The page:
Wildlife officials trapped bear that wandered into town, they'll release it in the forest near Mt. Rose

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A healthy, young female bear had her first encounter with a trap Saturday evening in Reno.

Wildlife officials hope it will also be her last.

They caught the two-year-old bear just a few hours after setting a trap near Interstate 580 and Mt. Rose Highway.

She had wandered into town and was likely feeding from fruit trees before getting caught, unharmed, in a live trap set by the Nevada Department of Wildlife.

“For her to be down there she was getting into human food sources,” said bear biologist Heather Reich.

Reich hopes catching the bear and moving her to more appropriate habitat she will have a better chance for a long and healthy life.

But before release Reich sedated the bear so she could apply tags to her ears, insert a microchip under her skin and attach a satellite tracking collar.

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The tags and collar will help with ongoing research to monitor Nevada bears, which are among the most thoroughly-studied bears in the nation, according to Reich, who has studied bears in Montana and Utah.

“We want to be on top of our bear population,” Reich said. “This is the way to get that information.”

Reich tagged and collared the sedated bear Sunday in advance of a planned Monday release.

At the time of release wildlife officials will use firearms loaded with rubber bullets and specially trained Karelian bear dogs to chase the young female into the forest.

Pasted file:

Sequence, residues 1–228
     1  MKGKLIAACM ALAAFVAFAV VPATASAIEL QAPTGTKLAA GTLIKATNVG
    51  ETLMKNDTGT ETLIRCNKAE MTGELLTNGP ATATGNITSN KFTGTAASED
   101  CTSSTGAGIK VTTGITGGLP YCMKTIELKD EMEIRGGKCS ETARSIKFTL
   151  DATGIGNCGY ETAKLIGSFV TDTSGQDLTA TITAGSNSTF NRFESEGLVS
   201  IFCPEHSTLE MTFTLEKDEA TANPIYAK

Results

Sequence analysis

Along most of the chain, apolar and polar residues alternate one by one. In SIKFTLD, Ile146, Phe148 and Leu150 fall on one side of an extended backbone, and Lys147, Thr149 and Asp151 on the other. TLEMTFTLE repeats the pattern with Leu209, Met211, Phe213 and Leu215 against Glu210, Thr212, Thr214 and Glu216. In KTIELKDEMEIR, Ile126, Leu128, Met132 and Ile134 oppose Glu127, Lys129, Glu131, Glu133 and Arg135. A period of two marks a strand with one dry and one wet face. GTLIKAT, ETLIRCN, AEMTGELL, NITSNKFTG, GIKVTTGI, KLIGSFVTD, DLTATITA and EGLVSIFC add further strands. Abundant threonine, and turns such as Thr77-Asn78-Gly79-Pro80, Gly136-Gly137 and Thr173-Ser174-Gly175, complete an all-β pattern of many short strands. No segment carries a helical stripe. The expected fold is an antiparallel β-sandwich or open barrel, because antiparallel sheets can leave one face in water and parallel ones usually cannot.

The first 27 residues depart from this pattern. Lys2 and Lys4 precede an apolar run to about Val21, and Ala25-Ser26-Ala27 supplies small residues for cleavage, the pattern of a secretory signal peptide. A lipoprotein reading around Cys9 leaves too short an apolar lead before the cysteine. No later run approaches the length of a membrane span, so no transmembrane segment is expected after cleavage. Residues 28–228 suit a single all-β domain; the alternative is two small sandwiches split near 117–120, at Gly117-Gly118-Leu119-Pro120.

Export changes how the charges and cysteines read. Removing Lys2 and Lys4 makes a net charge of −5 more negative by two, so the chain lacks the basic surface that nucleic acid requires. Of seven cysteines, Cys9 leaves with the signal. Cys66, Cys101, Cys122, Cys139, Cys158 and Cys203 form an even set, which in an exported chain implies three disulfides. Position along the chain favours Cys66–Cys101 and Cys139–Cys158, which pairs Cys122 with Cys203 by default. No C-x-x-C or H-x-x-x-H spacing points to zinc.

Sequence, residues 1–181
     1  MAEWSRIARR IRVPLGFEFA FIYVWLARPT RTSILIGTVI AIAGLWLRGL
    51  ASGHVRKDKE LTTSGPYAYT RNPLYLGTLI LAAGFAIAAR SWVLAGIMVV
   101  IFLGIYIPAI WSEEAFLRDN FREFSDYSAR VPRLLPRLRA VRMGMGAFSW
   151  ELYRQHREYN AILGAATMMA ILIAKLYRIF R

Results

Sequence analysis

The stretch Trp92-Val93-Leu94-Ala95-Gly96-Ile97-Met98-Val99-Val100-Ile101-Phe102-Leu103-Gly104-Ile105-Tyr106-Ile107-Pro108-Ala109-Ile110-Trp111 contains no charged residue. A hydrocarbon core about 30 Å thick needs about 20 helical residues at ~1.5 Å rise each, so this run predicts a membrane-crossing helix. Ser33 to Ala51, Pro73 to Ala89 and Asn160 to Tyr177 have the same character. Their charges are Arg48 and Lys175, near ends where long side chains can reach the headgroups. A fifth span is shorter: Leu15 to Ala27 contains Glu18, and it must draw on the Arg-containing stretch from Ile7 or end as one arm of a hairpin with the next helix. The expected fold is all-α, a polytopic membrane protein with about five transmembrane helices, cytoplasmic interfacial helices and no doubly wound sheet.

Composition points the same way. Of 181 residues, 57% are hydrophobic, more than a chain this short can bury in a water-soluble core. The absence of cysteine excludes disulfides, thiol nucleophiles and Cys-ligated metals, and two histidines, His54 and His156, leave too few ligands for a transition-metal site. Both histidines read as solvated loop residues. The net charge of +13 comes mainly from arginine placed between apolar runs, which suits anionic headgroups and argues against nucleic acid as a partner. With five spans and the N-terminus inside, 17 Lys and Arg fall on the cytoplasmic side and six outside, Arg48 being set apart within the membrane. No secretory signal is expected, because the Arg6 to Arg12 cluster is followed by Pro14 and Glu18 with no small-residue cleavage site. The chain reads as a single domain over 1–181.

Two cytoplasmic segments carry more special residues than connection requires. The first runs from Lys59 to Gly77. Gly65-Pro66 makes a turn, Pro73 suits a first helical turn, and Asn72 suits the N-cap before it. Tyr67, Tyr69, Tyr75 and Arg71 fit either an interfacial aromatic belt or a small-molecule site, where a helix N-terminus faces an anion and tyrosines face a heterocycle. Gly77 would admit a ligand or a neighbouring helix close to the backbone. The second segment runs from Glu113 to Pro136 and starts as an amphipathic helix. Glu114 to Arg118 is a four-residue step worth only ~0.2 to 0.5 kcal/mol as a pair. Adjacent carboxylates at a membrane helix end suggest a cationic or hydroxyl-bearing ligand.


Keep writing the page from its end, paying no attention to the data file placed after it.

It’s a practice known as aversion training. The idea is to give captured bears a memorable scare so they think twice before returning to town.

The sooner a bear becomes averse to humans and dogs the better chance it has at living a long, healthy life in appropriate bear habitat and avoiding hazards associated with human-bear conflict.

“These younger bears are really receptive to it,” Reich said of the aversion tactics.

The bear caught Saturday, now known as B-59, was the 56th bear handled this year by the Nevada Department of Wildlife.

That’s fewer than in past years because, officials think, last winter’s break from the drought means they are finding more food and water in the mountains.

Among documented bear mortalities this year in Nevada there have been seven bears killed by cars, five by hunters, two for public safety and one from unknown causes, according to state tracking data.

Reich said she’s hopeful B-59 can escape a similar fate.

“She is young, we are catching her early in her conflict behavior,” Reich said. “She has a really good chance.”

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Nevada wildlife workers trapped this bear which had been roaming in an urban section of Reno. They trapped it for release into the mountains. Before release they attached an identification tag and tracking collar. Benjamin Spillman/RGJ

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